Seriously, what was with all the naval-gazing right before a shift? This was time for a little caffeine-injected chit chat, not "My Dinner with Andre." The last thing she needed while carting pizza boxes around town was to be contemplating the nature of the universe. "Spit it out, true believer. What's the conspiracy? Are we all being ruled by space mongooses or what?"
Instead of objecting to her sarcasm, Josh reached into his messenger bag and pulled out a manila folder, overstuffed with white pages. He pushed it across the table to her. She opened the folder and read the title page: "The Muse of Pizza by Alyce Wilson." Who was this chick? She'd never heard of her.
As Twila read page after typed page, she went from skeptical to confused to steaming. "Josh, this is not funny. You've been writing down everything I say to you and turning it into a novel? Not only that, but some sort of sappy alt-rock romance? No wonder you wrote it under a girl's name."
Josh shook his head slowly. "I didn't write it. I found it. On my computer."
Twila regarded him oddly. "Um... do you ever wake up in strange places and don't remember how you got there?"
"I see where you're going with that, and no, I don't have a multiple personality disorder," he said.
"Not that there's anything wrong with that," she quipped.
Josh said, "I found it buried in an old folder while I was backing up all my documents."
She flipped to the end and read the last page, which definitely didn't sound like an ending. "This only goes up to Chapter 7. Where's the rest of it?" she asked.
"That's the thing. The file hasn't been updated since about 2003."
Twila made a face. "Now I know you're messing with me. It's only 1997."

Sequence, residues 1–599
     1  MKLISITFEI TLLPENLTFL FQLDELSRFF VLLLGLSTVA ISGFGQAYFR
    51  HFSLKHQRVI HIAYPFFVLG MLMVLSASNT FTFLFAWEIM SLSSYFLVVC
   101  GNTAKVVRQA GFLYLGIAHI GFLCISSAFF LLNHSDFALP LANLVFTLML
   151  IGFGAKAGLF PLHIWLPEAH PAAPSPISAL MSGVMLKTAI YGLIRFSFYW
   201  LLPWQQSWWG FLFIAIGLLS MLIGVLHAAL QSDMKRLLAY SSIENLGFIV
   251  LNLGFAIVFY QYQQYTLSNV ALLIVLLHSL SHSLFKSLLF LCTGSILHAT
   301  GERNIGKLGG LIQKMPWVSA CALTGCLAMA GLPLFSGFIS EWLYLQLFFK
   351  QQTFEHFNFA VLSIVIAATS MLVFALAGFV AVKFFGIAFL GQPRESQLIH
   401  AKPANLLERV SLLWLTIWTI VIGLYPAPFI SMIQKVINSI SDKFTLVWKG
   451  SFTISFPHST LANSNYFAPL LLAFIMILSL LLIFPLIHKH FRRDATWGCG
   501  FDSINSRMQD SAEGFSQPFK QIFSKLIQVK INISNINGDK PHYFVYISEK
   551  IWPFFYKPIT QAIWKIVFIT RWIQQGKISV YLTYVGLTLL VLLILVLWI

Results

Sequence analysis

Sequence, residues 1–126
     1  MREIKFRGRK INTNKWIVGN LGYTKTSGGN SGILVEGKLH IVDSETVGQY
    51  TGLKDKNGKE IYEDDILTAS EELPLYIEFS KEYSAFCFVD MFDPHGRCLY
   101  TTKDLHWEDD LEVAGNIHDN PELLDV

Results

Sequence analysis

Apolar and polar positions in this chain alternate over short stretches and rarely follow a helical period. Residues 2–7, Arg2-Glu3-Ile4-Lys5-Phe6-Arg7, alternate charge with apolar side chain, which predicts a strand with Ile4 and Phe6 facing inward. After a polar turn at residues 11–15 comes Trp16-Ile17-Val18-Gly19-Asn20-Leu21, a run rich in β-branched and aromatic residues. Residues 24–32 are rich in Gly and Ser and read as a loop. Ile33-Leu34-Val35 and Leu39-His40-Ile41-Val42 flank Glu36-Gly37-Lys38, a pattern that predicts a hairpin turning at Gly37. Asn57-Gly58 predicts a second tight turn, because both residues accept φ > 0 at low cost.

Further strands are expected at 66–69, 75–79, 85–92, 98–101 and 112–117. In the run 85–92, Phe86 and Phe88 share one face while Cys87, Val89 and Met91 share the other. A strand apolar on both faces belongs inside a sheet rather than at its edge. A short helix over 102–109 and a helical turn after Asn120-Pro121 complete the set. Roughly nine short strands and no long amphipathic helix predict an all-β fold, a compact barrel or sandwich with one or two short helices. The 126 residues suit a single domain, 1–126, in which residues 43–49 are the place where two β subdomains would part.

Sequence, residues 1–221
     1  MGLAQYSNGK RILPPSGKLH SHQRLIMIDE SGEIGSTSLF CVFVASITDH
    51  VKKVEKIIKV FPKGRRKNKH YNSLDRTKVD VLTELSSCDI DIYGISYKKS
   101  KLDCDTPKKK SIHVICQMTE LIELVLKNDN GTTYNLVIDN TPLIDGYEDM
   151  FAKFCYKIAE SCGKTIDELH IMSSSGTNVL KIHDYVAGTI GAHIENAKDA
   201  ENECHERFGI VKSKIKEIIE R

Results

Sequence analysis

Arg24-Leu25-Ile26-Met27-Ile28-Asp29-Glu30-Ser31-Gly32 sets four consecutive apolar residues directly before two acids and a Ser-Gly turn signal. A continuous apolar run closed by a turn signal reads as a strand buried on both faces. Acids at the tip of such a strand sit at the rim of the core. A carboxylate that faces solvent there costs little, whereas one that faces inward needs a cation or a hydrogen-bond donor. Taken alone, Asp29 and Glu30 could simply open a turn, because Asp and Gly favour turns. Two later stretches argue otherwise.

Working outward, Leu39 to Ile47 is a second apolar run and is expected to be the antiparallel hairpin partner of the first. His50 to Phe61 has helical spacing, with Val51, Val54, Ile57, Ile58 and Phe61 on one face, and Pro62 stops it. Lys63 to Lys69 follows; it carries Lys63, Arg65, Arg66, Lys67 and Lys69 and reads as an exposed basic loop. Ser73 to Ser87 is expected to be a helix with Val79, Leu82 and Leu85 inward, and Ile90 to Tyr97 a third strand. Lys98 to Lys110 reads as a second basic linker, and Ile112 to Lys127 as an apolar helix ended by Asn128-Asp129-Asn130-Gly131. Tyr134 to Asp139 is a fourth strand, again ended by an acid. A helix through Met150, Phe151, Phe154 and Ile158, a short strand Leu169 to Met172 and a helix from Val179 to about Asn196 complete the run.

"Is it?" Josh asked. He looked at her carefully. "When did you start wearing your hair that way? It's been the same ever since I've known you."
"Back in the Nineties during the ape rebellion, you mean?" she said, tweaking him.
"A change! This is good," he said.
At the table next to them, a guy with a long nose and fuzzy beard that made him look like an anthropomorphic human began poking at a tiny flat screen. He read something on it and then tapped the screen and typed something with his thumbs.
Twila stared open-mouthed at the device. "What the holy hell is that?" Then, a beat later. "I want one."
Josh nodded sagely. "I think it's new technology, technology from her time. Maybe she's finally going to break us out of this limbo. Maybe she got my message."
"You found a way to contact her?" she asked. "How?"
"I updated the file, hoping that maybe wherever she was, whatever time it is, whatever she's currently occupied with, she'd notice and remember us."
Twila grabbed his hand. "You didn't write everything that just happened in here, did you?"
"No, no, no. I just cut-and-pasted in some Fiona Apple lyrics." Then, answering her next question before she could ask it, he said, "I want her to remember us and give us the ending she intended. You see, I read the outline."
The coffee house speakers started blaring "Werewolf," and Josh kissed Twila's hand.
In honor of two of my favorite creations, Twila and Josh, whose love quadrangle has remained unresolved for a decade. Sorry, guys.
And yes, they really did hang out in a coffee shop called The Fix.